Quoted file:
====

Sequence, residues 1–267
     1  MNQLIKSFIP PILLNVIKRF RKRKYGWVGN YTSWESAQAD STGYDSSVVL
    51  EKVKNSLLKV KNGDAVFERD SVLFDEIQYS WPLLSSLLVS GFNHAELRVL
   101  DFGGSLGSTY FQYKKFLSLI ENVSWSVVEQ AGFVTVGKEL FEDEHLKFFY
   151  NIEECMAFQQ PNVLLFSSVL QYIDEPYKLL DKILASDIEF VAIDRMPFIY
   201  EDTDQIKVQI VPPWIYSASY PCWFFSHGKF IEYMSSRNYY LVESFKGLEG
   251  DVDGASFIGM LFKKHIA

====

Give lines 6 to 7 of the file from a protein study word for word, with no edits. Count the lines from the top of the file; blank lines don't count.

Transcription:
   201  EDTDQIKVQI VPPWIYSASY PCWFFSHGKF IEYMSSRNYY LVESFKGLEG
   251  DVDGASFIGM LFKKHIA